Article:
11. 11. No. Parameter Unit of measurement Average value of parameters 1 Light W 400 1.1 Photoperiodicity h 07:00–20:00 (12h) 1.2 Light intensity μmolm−2s−1 400 1.3 Color spectrum nm 440-460 1.4 Position cm 150 – Lamps HPS (High Pressure Sodium) 40 - Lamps LED 2 Ambiental temperature °C 20 ± 2 3 Humidity % 80 ± 5 4 Nutrient N-P-K : 3-2-3 (5-1-5) changed every 10 days 5 pH pH units 6.3 ± 0.4 6 Electrical conductivity mS 1.8 ± 0.2 7 Dissolved oxygen mgL−1 6 8 Solution temperature °C 18 ± 2 Needs of lettuce microgreens grown in a hydroponic system
  12. 12. No. Parameter Unit of measurement Average value of parameters (parameter variation) 1 Light W 400 1.1 Photoperiodicity h 06:30-21:30 (15h) (10-20h) 1.2 Light intensity μmolm-2s-1 300 (200-400) 1.3 Color spectrum nm 440-460 (260-780) 1.4 Position cm 150 – Lamps HPS (High Pressure Sodium) 40 - Lamps LED 2 Ambient temperature °C 21±2 Day; 17 Night 3 Humidity % 65±5 (50-60) 4 Nutrient N-P-K : 3-2-3 (%) changed every 10 days 5 pH pH units 6.8±0.4 6 Electrical conductivity mS 1.2±0.2 7 Dissolved oxygen mg L-1 6.5 8 Solution temperature °C 20±2 Environmental needs of basil microgreens grown in a hydroponic system
  13. 13. The literature review undertaken here has demonstrated that the production of basil microgreens using hydroponic systems must be organized with care for controlling the many environmental and production parameters to achieve desired outputs that are of an adequate quality. This paper has shown that the nutritional solution, temperature and light regime have the most important role in seed germination and development, while also summarizing the recent research on the many promising explorations in refining microgreen production to achieve optimal outputs along its phenological stages. Results and Conclusions
  14. 14. The nutritional solution, temperature and light regime, pH, electrical conductivity, dissolved oxygen and temperature are all important factors which influence secondary metabolism from an incipient phase, which in the final stages increases both the perceived and actual value of the plants by contributing to human health and nutritional fortification. This literature review has shown that microgreen producers must integrate specific systematic hydroponic strategies to obtain high quality microgreens and high quantity and quality bioactive substances, while also avoiding the potential for spoilage and low-quality production when moving too far beyond the noted parameter ranges summarized here. It is necessary to standardize certain cultivation protocols to ensure their quality. This high degree of control necessary for optimal growth is also a benefit of hydroponic systems, as the sophisticated organization can lead to the elaboration of certain protocols to control as many factors which can positively, and negatively, influence plants in order to obtain a crop as uniform as possible throughout the year, with higher concentrations of active substances and nutrients valuable for human health.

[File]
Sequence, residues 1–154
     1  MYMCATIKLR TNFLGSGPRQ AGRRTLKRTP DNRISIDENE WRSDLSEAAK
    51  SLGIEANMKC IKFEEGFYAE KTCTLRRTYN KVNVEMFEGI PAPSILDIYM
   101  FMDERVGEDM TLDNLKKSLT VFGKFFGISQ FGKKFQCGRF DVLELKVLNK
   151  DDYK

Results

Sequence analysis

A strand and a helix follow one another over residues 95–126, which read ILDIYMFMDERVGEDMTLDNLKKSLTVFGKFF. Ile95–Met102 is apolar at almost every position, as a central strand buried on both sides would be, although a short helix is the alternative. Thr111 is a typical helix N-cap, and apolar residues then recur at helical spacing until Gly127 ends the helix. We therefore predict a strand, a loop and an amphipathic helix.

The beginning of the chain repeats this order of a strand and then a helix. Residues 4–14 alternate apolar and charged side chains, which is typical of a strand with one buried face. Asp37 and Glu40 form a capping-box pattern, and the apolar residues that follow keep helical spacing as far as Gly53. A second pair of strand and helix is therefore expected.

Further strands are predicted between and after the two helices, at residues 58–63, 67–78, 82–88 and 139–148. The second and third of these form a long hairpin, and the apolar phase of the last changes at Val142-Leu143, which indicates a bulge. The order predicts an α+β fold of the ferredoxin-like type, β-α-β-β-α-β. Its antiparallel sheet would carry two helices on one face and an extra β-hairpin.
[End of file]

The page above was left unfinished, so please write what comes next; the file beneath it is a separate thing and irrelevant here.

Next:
15. 15. 1. Rusu, T., 2021. GoHydro – O nouă perspectivă în producția microplantelor (GoHydro - A new perspective in the production of microgreens). Agricultura 365, Anul IX, nr. 45, mai-august 2021, pag. 46-47. ISSN 2343-9580, ISSN-L 2343-9580, Tipografia Inkorporate Print București. 2. Rusu, T., P.I. Moraru, O.S. Mintas, 2021. Influence of environmental and nutritional factors on the development of lettuce (Lactuca sativa l.) microgreens grown in a hydroponic system: A review. Notulae Botanicae Horti Agrobotanici Cluj-Napoca, 49(3), Article number: 12427 (FI: 1.444). DOI: 10.15835/nbha49312427. 3. Rusu, T., R.J. Cowden, P.I. Moraru, M.A. Maxim, B.B. Ghaley, 2021. Overview of multiple applications of basil (Ocimum basilicum L.) and the effects of production environmental parameters on yields and secondary metabolites in the hydroponic system. Sustainability, 13, x. https://doi.org/10.3390/xxxxx. (FI: 3.521). https://www.mdpi.com/journal/sustainability Publications
  16. 16. ThankYou Teodor RUSU, Paula MORARU, Mihai MAXIM +40 724 719 774 trusu@usamvcluj.ro; moraru_paulaioana@yahoo.com http://www.usamvcluj.ro/ A smart-sensing AI-driven platform for scalable, low-cost hydroponic units FUNDED BY https://www.gohydro.org/